Aggregate Demand of Market (B))
What is aggregate demand? What are the exceptions for general law of aggregate demand?
Posted: Sep 2009
Aggregate Demand is quantified expression of demand for a certain product or service within the market. Aggregate demand is total quantity of products that customers are willing to buy, according to all alternative prices.
The basic law of demand says: When the price of the product is increasing, the demand for the product is decreasing, and vice versa. The precondition for the basic law of demand is that other factors are constant.
This example shows the application of the basic law of demand. The higher price is decreasing the demand, while lower price is increasing the demand. The demand of every individual customer is varying. The aggregate demand curve is the expressing the demand of the whole market, under the given range of prices.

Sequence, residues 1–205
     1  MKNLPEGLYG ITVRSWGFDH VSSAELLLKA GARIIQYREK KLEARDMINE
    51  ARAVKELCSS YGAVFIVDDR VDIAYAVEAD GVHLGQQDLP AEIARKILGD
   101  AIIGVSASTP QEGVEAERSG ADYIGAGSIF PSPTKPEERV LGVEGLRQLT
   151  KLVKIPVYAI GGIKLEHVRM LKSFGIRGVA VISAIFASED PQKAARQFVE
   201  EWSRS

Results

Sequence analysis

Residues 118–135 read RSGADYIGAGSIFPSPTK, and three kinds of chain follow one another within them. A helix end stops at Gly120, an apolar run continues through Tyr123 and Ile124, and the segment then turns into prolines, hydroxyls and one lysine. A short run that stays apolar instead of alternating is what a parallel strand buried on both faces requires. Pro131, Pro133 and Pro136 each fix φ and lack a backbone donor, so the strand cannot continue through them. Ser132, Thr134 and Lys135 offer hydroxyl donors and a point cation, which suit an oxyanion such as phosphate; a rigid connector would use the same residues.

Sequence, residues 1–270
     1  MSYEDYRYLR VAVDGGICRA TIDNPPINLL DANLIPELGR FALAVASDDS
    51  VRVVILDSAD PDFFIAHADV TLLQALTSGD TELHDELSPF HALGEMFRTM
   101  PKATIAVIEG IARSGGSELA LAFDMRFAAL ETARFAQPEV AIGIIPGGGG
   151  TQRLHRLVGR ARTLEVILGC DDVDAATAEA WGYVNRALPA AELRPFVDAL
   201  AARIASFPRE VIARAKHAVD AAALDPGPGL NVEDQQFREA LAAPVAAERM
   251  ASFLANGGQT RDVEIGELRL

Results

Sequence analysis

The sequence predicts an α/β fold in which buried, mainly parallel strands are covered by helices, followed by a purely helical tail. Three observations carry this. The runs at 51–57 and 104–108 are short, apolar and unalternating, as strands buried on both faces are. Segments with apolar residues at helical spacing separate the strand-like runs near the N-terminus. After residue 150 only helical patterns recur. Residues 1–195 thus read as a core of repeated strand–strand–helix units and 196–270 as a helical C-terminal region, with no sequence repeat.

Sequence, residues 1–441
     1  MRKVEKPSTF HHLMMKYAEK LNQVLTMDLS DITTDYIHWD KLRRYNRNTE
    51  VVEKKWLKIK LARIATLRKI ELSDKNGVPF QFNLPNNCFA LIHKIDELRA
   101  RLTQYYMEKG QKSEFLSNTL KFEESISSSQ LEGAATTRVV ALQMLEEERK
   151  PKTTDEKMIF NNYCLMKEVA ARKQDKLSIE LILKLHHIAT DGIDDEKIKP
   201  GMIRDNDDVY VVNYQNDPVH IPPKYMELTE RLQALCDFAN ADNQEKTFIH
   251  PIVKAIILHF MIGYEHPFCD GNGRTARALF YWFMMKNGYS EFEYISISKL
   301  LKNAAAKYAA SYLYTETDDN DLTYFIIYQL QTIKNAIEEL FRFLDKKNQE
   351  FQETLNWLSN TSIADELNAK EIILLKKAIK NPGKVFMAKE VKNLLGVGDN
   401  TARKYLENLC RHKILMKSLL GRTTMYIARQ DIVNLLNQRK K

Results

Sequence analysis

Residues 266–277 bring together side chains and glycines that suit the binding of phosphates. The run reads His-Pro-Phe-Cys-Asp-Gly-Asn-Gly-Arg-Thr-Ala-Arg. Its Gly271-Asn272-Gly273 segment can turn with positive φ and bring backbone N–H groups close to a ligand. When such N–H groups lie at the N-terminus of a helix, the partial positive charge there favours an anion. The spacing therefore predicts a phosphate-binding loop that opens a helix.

The aggregate demand law has some exceptions:
Veblen Effect - Increase of the price of certain luxury products may lead to increase of demand. Veblen Effect explains the desire of certain customers, that are willing to buy more expensive product, because of prestige and differentiation from the group.
Giffen Paradox - In case of price increase of inferior good, commonly used by low budget customers, the demand is increasing too. According the Giffen paradox, lower income customers will buy more bread in case of price increase, while they will reduce purchasing of other products.
The increase or decrease of income can also make a shift of aggregate demand of the market.
The customers that earns more are willing to pay more for the good, while customers with decreased income are reluctant regarding spending.
Aggregate Supply of Products
Market Balance: Demand and Supply Equilibrium
Case Study: Shift of Supply and Demand